His Kindness Not Weakness outreach program challenges diverse audiences to show the kind of 'warrior' strength needed to practice nonviolence.
Julie Sanders's students at Cascade Academy in Beaverton, Ore., have seen violence in their lives. Some have been exposed to crime and gangs. So Ms. Sanders has them read about people who have survived conflict. "That way, no matter how hard their lives are, the kids know that change is possible," she says.
Mr. Michaels is tall, and when he speaks his hands spread out from long, tattooed arms. His unusually low voice can get rough from overuse. He was joined at Sanders's school by a colleague, Frank Meeink.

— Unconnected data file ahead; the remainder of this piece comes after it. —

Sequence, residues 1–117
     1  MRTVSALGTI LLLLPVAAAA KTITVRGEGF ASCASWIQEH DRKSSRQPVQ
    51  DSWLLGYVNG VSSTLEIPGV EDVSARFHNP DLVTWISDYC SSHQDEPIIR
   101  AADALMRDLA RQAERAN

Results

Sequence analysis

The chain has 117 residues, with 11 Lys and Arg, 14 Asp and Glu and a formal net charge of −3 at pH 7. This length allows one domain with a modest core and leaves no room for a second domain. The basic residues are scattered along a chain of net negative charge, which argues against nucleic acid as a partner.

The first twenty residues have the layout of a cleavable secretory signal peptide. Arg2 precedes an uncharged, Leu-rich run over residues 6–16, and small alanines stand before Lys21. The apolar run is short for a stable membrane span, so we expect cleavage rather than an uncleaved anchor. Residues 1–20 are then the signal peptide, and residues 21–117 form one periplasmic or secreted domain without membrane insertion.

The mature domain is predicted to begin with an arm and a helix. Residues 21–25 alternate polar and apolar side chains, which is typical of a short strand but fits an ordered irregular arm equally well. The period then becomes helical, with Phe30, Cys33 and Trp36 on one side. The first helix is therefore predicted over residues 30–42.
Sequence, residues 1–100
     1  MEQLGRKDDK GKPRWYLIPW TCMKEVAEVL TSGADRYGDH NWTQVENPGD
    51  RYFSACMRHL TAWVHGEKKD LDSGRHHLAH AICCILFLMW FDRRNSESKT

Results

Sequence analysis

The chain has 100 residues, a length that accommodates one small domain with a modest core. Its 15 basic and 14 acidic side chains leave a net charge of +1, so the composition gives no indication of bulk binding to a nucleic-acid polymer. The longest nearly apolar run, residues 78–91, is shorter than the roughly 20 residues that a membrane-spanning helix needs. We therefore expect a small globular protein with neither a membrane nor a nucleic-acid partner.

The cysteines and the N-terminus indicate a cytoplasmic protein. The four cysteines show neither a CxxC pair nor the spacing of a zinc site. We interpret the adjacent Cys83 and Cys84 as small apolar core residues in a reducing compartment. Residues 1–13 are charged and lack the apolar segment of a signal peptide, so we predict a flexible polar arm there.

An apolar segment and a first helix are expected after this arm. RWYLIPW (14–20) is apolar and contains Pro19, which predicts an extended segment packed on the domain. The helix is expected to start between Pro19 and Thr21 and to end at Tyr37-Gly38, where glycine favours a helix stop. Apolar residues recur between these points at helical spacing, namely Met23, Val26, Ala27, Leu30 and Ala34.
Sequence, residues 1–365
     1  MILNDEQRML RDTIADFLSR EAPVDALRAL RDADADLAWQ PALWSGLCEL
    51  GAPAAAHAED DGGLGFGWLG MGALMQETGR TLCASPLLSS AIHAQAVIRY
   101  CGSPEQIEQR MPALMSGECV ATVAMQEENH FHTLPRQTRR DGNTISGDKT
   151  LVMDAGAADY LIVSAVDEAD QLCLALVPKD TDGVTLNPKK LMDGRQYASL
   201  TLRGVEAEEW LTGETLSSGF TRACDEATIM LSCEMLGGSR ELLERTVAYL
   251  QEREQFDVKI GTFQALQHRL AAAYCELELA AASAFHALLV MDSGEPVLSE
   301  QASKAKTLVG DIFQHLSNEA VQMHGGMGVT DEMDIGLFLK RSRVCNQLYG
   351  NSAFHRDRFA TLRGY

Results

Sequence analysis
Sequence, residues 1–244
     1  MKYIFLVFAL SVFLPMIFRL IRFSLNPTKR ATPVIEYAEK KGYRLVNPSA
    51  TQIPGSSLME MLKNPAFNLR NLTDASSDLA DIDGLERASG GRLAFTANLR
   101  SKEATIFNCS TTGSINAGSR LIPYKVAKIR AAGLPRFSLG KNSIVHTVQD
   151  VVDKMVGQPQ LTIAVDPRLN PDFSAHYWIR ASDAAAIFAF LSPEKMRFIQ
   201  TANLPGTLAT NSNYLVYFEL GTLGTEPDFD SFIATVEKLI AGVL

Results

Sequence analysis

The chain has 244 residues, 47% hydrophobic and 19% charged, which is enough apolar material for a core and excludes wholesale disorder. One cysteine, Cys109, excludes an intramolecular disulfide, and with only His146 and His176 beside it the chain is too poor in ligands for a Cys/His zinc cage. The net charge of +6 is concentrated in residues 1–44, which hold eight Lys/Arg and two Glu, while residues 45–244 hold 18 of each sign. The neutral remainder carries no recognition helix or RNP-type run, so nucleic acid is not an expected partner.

They began by describing their childhoods. And before long that meant talking about how they had hurt people.
Twenty-five years ago, Michaels was a racist skinhead. Growing up near Milwaukee, by age 16 he was deep into the punk fringe culture and being radicalized with horrific speed. Crazed with hate for people of any color or sexual orientation except his own white heterosexuality, he found a high in the drunken, brawling skinhead life.
He stayed in the radical white-power movement for seven years. In his self-published book, "My Life After Hate," Michaels recalls jeering at an African-American family as their home burned in a fire.
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